ROBIN HILTON: I was probably 12 years old, and I was with a friend who had brought the record over. We were playing chess, and it just blew my little mind.

I remember the song “Time.” I can’t tell you how many college roommates I awakened in the middle of the night by blasting the alarm clocks going off. There’s this line in the song “Time” that still resonates with me today. I still think of it all the time, it says, “You’re young and life is long and there’s time to kill today.” Boy, the older I get, that sure turns out to be true.

It was so crazy to imagine how they could even pull this off; technically, how could they create these sounds? We’re hearing so much crazy stuff now in music and nobody gives it any thought — because you can do anything now, right? But when I listen to Dark Side of the Moon now, 40 years later, it still sounds fresh.

Read more about Pink Floyd here: http://n.pr/WxKDRd

 

New video.  Bjӧrk “Mutual Core”

The video, directed by Thomas Huang, will be shown every night during March at the Times Square’s big screens. This song taken from Bjork’s latest album “Biophilia”

Computers Laptops iPads - H 2012

Regulatory body issues first report aimed at curbing the streaming and downloading of copyrighted content.

PARIS: Already home to some of the strictest anti-piracy laws for users, France’s Internet Authority (HADOPI) has  issued a new report examining ways to curb usage of streaming and direct download sites.

Looking to stop piracy at the source, the report suggests a combination of techniques including site blocking or domain seizures if operators do not comply.

The authority suggests the implementation of content recognition by site owners, including digital fingerprinting technology. These systems could be used to remove content upon the request of copyright holders, similar to YouTube or DailyMotion, or restrict user access based on location.

If site operators are unwilling to add these mechanisms or if illegal content reappears on the site, the report suggests initial steps such as search engine de-listings. If sites fail to comply with the warnings, HADOPI suggests it could also resort to involving the the courts in order to seize or permanently block the domains.

The agency would also seek to target the finances of any sites subject to the copyright alerts, taking steps to block PayPal accounts, the use of credit cards and third party advertising. Again looking to the courts, HADOPI suggests that if financial partners refused to cooperate, it would seek legal action.

Read more about the story here: http://bit.ly/149BUlC

The HADOPI report will be reviewed further before the agency decides on any action.

 

It may be a digital age, but live is still the big cash driver for the top 40 earners on our annual list

The U.S. music business offers a matrix of trends to satisfy chart watchers and number crunchers. New CD sales continue to fall. Digital music sales are rising nearly 10 years after the launch of the iTunes Music Store. Streaming and subscription revenue are growing as music lovers choose easy access over-and, sometimes, in addition to-physical ownership.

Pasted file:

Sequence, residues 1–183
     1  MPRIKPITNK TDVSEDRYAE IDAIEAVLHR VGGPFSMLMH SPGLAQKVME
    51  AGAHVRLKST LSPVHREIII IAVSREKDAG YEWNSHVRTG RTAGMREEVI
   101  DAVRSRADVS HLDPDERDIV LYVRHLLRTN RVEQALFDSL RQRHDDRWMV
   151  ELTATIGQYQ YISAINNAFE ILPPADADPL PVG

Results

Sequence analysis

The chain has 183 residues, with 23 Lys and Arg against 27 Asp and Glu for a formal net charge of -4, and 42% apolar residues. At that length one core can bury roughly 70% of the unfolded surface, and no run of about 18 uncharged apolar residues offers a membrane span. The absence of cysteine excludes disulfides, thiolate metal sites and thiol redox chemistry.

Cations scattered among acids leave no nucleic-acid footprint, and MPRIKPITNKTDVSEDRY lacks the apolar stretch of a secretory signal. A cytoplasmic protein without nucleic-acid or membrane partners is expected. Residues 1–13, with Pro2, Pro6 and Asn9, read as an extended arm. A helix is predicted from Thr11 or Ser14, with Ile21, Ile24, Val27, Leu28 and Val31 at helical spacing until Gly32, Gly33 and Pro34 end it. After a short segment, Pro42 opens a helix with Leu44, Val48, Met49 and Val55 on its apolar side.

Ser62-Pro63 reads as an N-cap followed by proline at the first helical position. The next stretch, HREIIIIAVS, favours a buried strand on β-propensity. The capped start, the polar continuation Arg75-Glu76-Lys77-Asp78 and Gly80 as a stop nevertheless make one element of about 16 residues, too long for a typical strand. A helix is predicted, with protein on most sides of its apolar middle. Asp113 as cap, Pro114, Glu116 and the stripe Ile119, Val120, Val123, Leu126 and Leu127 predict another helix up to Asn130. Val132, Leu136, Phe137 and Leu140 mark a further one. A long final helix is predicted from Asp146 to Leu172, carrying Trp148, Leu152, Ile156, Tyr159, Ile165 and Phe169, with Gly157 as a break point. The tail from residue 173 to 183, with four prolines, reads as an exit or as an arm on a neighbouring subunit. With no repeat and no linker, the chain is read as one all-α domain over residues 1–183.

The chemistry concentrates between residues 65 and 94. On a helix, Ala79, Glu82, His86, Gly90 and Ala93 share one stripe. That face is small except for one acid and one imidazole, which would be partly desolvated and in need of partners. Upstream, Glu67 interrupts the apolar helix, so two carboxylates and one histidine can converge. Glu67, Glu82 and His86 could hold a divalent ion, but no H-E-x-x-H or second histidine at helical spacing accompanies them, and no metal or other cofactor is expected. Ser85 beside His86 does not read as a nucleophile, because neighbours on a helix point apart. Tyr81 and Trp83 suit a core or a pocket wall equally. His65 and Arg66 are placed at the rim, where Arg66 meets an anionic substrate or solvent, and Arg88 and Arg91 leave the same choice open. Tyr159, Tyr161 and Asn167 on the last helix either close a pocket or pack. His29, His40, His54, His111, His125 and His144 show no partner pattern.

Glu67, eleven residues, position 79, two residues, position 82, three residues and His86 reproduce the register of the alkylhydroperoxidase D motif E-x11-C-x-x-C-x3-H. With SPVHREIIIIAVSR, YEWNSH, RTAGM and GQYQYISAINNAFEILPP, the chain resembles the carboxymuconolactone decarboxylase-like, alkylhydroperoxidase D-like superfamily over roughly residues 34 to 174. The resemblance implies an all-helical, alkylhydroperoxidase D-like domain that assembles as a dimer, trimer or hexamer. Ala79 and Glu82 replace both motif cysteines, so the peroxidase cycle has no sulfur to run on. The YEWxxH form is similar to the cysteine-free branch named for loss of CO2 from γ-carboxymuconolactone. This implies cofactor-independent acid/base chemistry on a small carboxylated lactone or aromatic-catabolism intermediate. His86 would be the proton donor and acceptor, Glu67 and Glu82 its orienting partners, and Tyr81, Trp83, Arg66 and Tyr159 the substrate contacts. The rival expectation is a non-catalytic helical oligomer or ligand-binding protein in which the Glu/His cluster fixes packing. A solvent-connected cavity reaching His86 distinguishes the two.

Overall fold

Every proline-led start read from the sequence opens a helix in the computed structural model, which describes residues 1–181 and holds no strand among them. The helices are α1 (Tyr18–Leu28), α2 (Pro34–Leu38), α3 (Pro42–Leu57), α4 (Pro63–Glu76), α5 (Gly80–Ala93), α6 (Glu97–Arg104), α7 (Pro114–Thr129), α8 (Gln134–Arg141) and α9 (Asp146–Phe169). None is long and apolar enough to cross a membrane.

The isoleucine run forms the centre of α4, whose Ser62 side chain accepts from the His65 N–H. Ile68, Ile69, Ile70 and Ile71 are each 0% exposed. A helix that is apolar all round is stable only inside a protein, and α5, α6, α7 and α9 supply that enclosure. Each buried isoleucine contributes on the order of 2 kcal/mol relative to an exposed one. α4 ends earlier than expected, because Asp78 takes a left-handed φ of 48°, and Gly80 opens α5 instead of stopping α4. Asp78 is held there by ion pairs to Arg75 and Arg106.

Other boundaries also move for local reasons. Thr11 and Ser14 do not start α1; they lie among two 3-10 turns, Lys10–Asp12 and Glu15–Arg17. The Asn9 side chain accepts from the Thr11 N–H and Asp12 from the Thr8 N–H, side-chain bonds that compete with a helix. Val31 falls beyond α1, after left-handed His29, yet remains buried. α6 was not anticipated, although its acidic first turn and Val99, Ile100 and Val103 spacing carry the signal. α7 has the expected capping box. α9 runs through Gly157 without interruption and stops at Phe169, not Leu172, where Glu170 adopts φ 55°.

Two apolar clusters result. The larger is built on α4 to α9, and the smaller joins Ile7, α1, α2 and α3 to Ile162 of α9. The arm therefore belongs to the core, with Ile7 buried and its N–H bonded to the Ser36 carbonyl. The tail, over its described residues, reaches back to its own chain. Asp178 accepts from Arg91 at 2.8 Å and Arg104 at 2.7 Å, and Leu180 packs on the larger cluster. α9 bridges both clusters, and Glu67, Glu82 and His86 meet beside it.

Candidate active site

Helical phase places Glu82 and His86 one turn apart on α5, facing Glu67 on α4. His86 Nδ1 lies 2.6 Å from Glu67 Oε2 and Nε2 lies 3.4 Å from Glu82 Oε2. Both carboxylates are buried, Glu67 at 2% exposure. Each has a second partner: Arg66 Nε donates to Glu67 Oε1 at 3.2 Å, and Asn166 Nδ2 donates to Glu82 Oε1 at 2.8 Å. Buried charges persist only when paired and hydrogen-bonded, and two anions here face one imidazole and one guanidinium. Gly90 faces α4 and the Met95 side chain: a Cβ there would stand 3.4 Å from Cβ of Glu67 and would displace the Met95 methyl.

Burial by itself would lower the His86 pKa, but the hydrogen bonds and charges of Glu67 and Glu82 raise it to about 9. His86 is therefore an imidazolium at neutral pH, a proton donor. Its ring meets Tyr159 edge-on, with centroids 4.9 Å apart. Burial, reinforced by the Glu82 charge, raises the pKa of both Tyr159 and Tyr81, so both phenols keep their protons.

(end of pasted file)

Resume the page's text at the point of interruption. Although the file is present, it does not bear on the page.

Concerts make up 68.9% of revenue for the 40 artists on Billboard’s Moneymakers list, which tallies artists’ annual earnings. Remove Adele and Taylor Swift, both of whom didn’t earn any U.S. touring income in 2012, and the average increases to 72.5%-a figure on par with the 72.6% in 2010 and the 68.3% that touring represented in 2011.

Madonna tops the 2012 list, in part because 93.5% of her total revenue came from concerts. Bruce Springsteen, a close second, earned 92% of his revenue from live shows. Roger Waters, a distant third, had the highest concert share on the list with 93.6%. The entire top 10 averaged 84.2% of their income from concerts, and the number would have been higher, if not for Justin Bieber‘s mere 60.1% share at No. 10 dragging down the average.

Billboard estimates the 2012 Moneymakers artists pocketed $373 million from concerts after paying agents, managers and expenses. That was up from $329 million in 2011 but down from $383 million in 2010. For all Moneymakers artists, touring income accounted for 72.8% of revenue in 2011 and 75.1% of revenue in 2012. Artists at the top of the list got an even greater share of revenue from touring. A top 10 artist made 84.2% of income from concerts in 2012 compared with 75.8% in 2011 and 81.7% in 2010.

Touring wasn’t vital for every act on the Moneymakers list. Two major artists, Swift — who topped last year’s rankings — and Adele, made the list without any concert earnings for the year. Meanwhile, two others-Mumford & Sons and Maroon 5-pocketed less than $1 million in concert earnings for 2012. In percentage terms, touring accounted for just 12.6% of Mumford & Sons’ total revenue and only about 2.6% of Maroon 5’s total.

Artists who made less than $1 million on the road tended to make more from recorded music — just as the negative correlation between concert revenue and music sales suggests should happen. Adele and Swift averaged $7.2 million in recorded-music sales while Mumford & Sons and Maroon 5 averaged about $3.2 million. The other 36 acts on the Moneymakers list, who each earned more than $1 million from touring in 2012, averaged just $2.3 million in recorded-music sales.

Read more details here:  http://bit.ly/15HmGru

Streaming revenue wasn’t terribly important to any artist’s overall income as measured by Billboard-not even those artists with little to no touring income. This isn’t to say streaming didn’t have an indirect impact on these artists’ revenue. Without the promotional benefit of, say, YouTube, some albums would have hardly been as successful as they were last year. But in terms of pure, direct revenue, streaming provided a mere pittance for music’s top earners.

Maroon 5 had the highest streaming share of 2012’s Moneymakers list with 3.5%. Within that, the highest noninteractive streaming share was 0.5%, or one-seventh of the total. Drake had the second-highest streaming share with 3.3%, and One Direction had the third with 2.5%. It’s not surprising that Maroon 5’s “Payphone” and One Direction’s “What Makes You Beautiful” were the No. 5 and No. 6 tracks, respectively, on Spotify in the United States in 2012. (Maroon 5 had two more songs in Spotify’s top 100 of the year.)

 

 

 

%d bloggers like this: